According to Mike, the People to People student ambassadors will experience everything from the metropolitan city of Sydney, to the original Outback’s Aborigines cultures and traditions, as well as the tranquil beauty of the Great Barrier Reef.
“She’ll be eating their food, learning their dances and what the various body paintings of the Aborigines represent,” said Rita.
While in Sydney, the group will visit the famous Opera House, enjoy a harbor cruise, climb the 440-foot Sydney Harbour Bridge and learn about the game of cricket, among other things. In Brisbane and along the Sunshine Coast, they will hand-feed dolphins and work with marine biologists, toboggan down a sand dune, explore old shipwrecks while snorkeling in the beautiful turquoise waters and live temporarily with host families to gain experience into everyday life.
At Airlie Beach and Charters Towers, the group will visit a wildlife park, where they will get up close to exotic animals such as koalas, kangaroos, wallabies and other native species. And they will get a chance to study brightly colored tropical fish, giant clams, and different types of coral, as well as experience the world of crocodiles and the high riding adventure of soaring above the rain forest in the world’s longest gondola.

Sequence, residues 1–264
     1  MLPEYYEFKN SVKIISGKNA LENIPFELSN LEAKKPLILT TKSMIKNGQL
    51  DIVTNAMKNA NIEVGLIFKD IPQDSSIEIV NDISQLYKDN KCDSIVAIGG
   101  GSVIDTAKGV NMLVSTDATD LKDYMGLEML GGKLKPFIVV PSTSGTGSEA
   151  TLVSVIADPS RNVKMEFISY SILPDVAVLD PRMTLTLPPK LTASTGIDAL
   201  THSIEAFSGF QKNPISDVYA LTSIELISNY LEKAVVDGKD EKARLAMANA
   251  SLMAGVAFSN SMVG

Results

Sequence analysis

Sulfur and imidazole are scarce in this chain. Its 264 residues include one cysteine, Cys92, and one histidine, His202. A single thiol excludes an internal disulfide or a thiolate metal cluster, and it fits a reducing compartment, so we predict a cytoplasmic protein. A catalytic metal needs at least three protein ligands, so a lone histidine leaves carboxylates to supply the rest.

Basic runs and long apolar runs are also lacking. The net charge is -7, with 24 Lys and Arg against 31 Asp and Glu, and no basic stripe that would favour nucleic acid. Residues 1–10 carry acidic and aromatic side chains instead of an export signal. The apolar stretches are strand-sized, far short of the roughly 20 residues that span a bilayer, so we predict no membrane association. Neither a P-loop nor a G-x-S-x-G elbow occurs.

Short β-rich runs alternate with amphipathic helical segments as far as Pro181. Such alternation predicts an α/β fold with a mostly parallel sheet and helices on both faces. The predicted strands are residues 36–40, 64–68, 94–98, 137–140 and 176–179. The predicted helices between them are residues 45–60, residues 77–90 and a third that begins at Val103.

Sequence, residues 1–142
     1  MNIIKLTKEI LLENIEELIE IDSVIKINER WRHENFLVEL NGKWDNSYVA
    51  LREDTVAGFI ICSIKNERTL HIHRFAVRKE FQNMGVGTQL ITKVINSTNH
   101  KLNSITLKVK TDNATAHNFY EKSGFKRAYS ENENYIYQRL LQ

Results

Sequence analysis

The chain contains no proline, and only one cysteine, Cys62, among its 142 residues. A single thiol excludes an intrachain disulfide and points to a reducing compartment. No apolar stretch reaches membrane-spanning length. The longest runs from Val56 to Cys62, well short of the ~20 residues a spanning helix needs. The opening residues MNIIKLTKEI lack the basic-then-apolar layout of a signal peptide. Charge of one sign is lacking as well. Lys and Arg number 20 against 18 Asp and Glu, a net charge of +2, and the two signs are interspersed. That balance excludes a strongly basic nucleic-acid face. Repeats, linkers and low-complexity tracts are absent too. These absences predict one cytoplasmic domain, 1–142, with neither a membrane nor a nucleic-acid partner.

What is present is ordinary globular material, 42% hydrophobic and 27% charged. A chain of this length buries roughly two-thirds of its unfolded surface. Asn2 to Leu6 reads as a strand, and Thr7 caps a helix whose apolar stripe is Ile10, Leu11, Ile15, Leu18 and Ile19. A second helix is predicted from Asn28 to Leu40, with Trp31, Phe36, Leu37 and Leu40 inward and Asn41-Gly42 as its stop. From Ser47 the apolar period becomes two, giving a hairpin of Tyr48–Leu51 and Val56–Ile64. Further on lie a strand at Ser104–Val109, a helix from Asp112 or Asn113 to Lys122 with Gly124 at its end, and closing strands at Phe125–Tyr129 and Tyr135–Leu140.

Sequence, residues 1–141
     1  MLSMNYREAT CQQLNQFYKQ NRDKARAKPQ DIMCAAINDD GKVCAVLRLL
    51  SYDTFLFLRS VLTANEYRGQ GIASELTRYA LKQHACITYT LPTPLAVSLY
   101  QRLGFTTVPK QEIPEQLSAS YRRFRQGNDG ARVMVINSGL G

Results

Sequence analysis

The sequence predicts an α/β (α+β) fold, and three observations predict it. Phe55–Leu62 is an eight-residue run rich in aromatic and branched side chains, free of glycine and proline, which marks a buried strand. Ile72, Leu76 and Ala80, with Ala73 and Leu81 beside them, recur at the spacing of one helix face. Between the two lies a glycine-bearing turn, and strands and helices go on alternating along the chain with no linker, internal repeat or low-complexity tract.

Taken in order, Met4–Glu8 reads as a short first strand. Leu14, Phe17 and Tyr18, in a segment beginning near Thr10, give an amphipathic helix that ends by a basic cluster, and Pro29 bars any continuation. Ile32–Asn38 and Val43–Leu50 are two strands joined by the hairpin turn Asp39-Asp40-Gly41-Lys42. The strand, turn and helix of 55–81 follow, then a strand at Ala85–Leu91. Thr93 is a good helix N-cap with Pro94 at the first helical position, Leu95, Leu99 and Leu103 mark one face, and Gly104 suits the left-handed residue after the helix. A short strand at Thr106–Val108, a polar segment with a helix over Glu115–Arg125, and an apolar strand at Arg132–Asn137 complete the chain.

According to Sami’s parents, they feel that the People to People program does a world of good by opening young students’ eyes to faraway worlds of fascinating people, places and adventure, as well as broadening their minds and perspectives by enlightening them to various cultures around the globe that will likely help them more truly appreciate the privileges of living in the United States.
“We’re hoping she will gain a greater appreciation and awareness of the diversity of the world,” said Mike. “And we’re hoping she will realize all the many other opportunities in life that are out there other than those of her own little world in Sulphur Springs.”
The People to People program is open to students in fifth grade and above. Nominated students are required to fill out an application, submit two written recommendations from teachers and one other adult and take part in a 20-minute interview. Upon acceptance into the program, students, and their parents are required to participate in six two-hour orientation meetings that provide comprehensive overviews of the culture, history and government of the overseas destination. The cost of the program is $4,900 per student, and families may do fund-raising projects and enlist the help of their community through sponsorships.
“Oh, she’s going, one way or another,” said Mike. “But we welcome any support we can get.”
According to the Stoltenbergs, in appreciation for any support given by the community, they plan to host a get-together of sponsors after the girls return home.
“When they get back we’ll put together a little presentation of their trip with pictures and posters,” said Mike “And we’ll let the girls talk a little bit about their trip so that the sponsors can see the opportunity their money provided.”
Anyone interested in helping to sponsor Tori Dicus and Sami Stoltenberg may call Rita Stoltenberg at 903-438-1195 or 903-439-8723.